Deadly cancers focus of city's smoking campaign

 City’s annual smoking cessation campaign focuses on rare, killer cancers caused by smoking.  Once again, graphic advertisements ram stop-smoking message home to smokers.

The city of New York today begins its annual anti-smoking campaign with another in a series of blunt TV ads that highlight the health effects of smoking-related cancers.

 

The 2012 campaign focuses on some of the rarer cancers associated with smoking — stomach, pancreatic and esophageal cancer.

 

The ads highlight the painful nature of the cancers and the ordeal of the treatments — which even then are no guarantee of long-term survival.

 

The theme of the campaign is “Quitting is much less painful,” and the ads focus on the nature of chemo and radiation therapy used by doctors to tackle the diseases and sometime catastrophic effect they have on the quality of life of patients and their families.

 

The three cancers have some of the lowest survival rates of all.

The National Cancer Institute studied survival rates of patients in the U.S. from 1975-2008 and found:

1. Only 17 percent of those diagnosed with esophageal cancer can expect to survive more than five years.

2. Only 26 percent of those diagnosed with stomach cancer can expect to survive for more than five years.

3. And only 6 percent of pancreatic cancer sufferers can expect to survive for five years. The survival rate among men is even lower.

The ads, run by the city’s Department of Health, feature graphic images of the cancers themselves.

Time to quit



Thursday begins the Health Department’s annual Nicotine Patch and Gum Program.



The program will run from March 1 through March 16.



Driven since 2006 by the hard-hitting educational campaigns NYC has become internationally renowned for, this program has prompted 300,000 to call for help to quit. It is estimated that 100,000 New Yorkers have quit smoking from this program, which equates to preventing more than 30,000 smoking-related deaths.

This year’s program

The new campaign, called “Pain,” is educating smokers about the painful cancers smoking causes and they devastatingly low survival rates of these cancers.

This year, smokers can receive further help by registering on NYC QUITS, an interactive website that includes tools to help smokers quit.

They can enroll online by searching “NYC QUITS” on www.nyc.gov or calling 311 for help quitting smoking.



Not just lung cancer

Metro asked Dr. Manish A. Shah of New York’s Weill Cornell Medical Center about the effects smoking can have on the rest of your body:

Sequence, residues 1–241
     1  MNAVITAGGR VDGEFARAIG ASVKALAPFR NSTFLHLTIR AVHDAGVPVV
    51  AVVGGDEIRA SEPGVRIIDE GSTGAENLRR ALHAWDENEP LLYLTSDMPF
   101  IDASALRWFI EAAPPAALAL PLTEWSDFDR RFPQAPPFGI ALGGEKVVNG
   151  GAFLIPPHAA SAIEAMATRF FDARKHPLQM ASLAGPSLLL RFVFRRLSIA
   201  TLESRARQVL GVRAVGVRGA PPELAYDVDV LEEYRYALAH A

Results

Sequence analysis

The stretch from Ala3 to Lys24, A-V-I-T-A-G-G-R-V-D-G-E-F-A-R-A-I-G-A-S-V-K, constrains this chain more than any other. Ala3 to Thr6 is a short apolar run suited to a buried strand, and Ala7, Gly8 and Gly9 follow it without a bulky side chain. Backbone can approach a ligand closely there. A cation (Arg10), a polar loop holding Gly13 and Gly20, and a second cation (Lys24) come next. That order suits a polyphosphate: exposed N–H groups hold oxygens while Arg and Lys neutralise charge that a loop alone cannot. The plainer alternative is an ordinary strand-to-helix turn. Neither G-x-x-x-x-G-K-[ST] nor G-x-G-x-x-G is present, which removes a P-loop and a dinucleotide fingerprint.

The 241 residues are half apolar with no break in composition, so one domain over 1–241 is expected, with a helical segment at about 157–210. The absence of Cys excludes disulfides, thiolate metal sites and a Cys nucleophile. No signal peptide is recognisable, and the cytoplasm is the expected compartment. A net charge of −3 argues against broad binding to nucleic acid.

Smoking is associated with an increased risk of several other cancers, including cancers of the esophagus, stomach and pancreas. These cancers are amongst the most deadly cancers we treat, and are often devastating to the patient, their close relatives and their caregivers.

The esophagus, stomach and pancreas collectively form the foregut — the initial part of the digestive tract. These organs are critically important in starting the process of digestion by preparing food for both mechanical digestion (in the stomach) and for chemical digestion (by the pancreas). Patients with cancer of these organs commonly present with increasing difficulty swallowing, unintentional weight loss and abdominal pain. The abdominal pain can be severe, described as a gnawing pain centrally located in the abdomen and extending across the abdomen like a band toward the back.

These are aggressive tumors that require careful treatment planning. Patients with localized cancers of the esophagus, stomach or pancreas often require a multidisciplinary approach to treatment, including the coordinated efforts of a medical oncologist, radiation oncologist and surgeon. Unfortunately, despite these efforts the majority of patients will develop metastases — the spread of disease to other sites. Although patients often achieve some benefit from chemotherapy and other forms of treatment, for most patients the inevitable outcome is death.

Limit the risk of developing the disease by stopping smoking. If the disease develops, it is important to catch it early if possible.



 
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